Vauxhall Astra 1.6T review
We drive the new Vauxhall Astra on a secret, late-night test in Germany and meet its British chief designer, Mark Adams.
"Astra noticeably quieter and more compliant on washboard surfaces"
What is it?The new Vauxhall Astra is key to the continued survival of this once profitable part of General Motors. Built in European plants, including Vauxhall's Ellesmere Port, the new Astra is ready to roll, but is General Motors's legacy to Opel/Vauxhall's new owners a silk purse or a sow's ear?
The chassis is the second appearance of GM's Delta II platform although the Astra differs quite significantly from the Chevrolet Cruze. The Astra takes its MacPherson-strut front suspension straight from the Insignia and the rear torsion-beam suspension has a number of changes to improve ride and cabin noise which were weak points of the outgoing model. Most notable of these is the inclusion of a Watt's Linkage to the rear axle. This 220-year-old design dates back to the earliest days of the steam engine, but has been used since to reduce the rear-steer effect of side loadings when cornering. Vauxhall engineers have updated the linkage to reduce the unwanted movement of the torsion beam and in the process have replaced the hard, noise-transmitting mountings with much softer hydraulic units. What does it look like?While the outgoing five-door Astra is far from ugly, it is a staid and practical design that shouts 'sensible shoes' from the rooftops. Fresh from designing this year's Car of the Year, the Vauxhall Insignia, Adams and his team have penned a new Astra that visually links with its predecessor and the Insignia, but which is a highly desirable car in its own right. Out go slabby panels and in comes an organic, curvaceous design that hides bulk, cheats the wind and looks terrific. The Insignia's hockey-stick lamp style is used, but inverted, as is that car's distinctive concave door pressing. On the Astra this L-shaped pressing also moves from the front to the rear doors where it tricks the eye by visually reducing the length. The new Astra is 18cm longer than its predecessor, with a 7cm longer wheelbase to accommodate new pedestrian protection structures. It is also 1cm taller, about 3cm wider, with a front track that is 6cm wider and a 7cm wider rear track. The boot has the same 375-litre capacity, but with no clutter from the rear dampers thanks to a wider track. The result is, we estimate, about 60kg heavier than the outgoing model.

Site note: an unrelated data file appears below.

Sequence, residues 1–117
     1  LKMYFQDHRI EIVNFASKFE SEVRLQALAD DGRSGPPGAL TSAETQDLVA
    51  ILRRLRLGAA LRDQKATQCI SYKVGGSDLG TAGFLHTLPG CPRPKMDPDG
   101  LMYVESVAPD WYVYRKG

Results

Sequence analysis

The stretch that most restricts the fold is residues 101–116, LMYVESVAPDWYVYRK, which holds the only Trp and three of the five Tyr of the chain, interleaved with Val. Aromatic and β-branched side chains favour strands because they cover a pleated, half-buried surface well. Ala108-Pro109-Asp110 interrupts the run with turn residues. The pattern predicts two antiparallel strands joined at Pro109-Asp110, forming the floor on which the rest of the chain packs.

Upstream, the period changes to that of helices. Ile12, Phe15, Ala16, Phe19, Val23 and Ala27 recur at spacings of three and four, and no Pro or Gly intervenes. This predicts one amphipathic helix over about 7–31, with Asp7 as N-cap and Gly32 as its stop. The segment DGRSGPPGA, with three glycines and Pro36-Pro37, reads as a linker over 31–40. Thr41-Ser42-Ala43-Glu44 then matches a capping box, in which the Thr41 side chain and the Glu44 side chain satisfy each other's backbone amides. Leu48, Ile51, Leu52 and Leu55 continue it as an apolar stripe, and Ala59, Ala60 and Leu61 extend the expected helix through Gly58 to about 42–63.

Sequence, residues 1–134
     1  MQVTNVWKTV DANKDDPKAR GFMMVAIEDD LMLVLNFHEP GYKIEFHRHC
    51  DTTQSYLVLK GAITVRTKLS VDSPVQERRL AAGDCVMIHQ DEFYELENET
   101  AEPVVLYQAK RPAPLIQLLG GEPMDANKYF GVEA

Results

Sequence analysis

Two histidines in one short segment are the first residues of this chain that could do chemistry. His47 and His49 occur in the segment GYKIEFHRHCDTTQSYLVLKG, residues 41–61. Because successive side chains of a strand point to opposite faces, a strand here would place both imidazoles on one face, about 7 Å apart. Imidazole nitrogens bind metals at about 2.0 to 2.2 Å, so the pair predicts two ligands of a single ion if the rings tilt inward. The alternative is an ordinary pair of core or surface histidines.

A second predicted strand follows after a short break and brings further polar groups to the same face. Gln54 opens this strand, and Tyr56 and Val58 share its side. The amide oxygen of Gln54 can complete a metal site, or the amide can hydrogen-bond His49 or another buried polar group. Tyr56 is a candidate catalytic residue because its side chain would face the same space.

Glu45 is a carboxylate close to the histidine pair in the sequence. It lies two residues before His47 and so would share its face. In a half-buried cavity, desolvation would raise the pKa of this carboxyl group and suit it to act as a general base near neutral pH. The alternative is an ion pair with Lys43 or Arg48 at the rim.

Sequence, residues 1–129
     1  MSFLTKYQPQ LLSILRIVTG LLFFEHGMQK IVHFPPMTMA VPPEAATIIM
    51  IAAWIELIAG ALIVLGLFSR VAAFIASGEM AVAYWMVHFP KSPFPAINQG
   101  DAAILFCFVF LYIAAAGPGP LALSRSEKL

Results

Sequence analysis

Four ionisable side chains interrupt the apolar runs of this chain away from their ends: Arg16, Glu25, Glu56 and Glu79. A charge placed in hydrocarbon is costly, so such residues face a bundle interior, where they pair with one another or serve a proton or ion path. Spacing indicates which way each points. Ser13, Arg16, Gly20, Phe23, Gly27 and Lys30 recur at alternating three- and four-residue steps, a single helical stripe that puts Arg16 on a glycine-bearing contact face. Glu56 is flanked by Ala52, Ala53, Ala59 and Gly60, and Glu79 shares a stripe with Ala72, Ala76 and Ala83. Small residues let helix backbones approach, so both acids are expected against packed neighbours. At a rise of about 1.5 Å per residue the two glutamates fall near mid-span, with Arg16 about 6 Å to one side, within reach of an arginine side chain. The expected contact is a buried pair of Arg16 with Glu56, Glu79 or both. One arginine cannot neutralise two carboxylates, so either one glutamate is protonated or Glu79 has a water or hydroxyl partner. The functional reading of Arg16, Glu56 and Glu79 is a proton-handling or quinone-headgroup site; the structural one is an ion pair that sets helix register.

What's it like inside?Inside, the high quality General Motors Europe cabin is still present, but in a new curvy, multi-surfaced style that looks borrowed from a bigger car - in some cases that's because it is. The Astra uses the Insignia's steering wheel, gear lever and instrument binnacle to great effect. The dashboard has been lowered and moved forward away from the driver, which improves the visibility and driving position as well as giving a feeling of spaciousness. The storage space has been heavily revised to make it more useful and the rear-seat accommodation is large enough for three large adults for a long journey. What's it like to drive? On a series of switchback roads in Germany, the Astra was noticeably quieter and more compliant on washboard surfaces than before. The ride is much improved, and the handling, which was sharp on the old model is just as precise. Job done then? Well not quite. The suspension does seem to push movement across the car more than its rivals with a full independent set up such as the Ford Focus and the VW Golf. We were not entirely convinced either, by Vauxhall's latest electronically adjustable suspension. This will cost about £700 when it goes on sale, adjusts the dampers according to speed, load and cornering conditions. With three modes of sport, touring and standard, the system will harden the suspension, speed the throttle response, sharpen the steering system and even change the dashboard's backlighting. We liked the fact that the driver can select all or any of the above changes when sport mode is depressed, but it did feel as though the system had neatly bracketed the best solution; a case of too much choice possibly? What we did like was the powerful and sensitive brakes and a new-found steering precision for Vauxhall's family hatchback. It all bodes well for the future. VerdictThe new five-door Astra is a great-looking car, with an equally attractive cabin and room inside to spare. The grumbling, rumbling ride of the old model appears to have been banished, although we need to drive the car in more representative conditions to be sure. The handling is as sharp as ever and the brakes are sensational. Role on the new Astra, who ever owns Vauxhall in future, they've bought themselves a potential winner.
Car Specs - Vauxhall Astra 1.6 turbo
|Engine:||1.6-litre petrol, 180hp|
|Price/On sale||£20,500(est) /Dec|
We rate:Great looking Better ride than its predecessor
We slate:Electric variable dampers Heavier than outgoing car
by Andrew English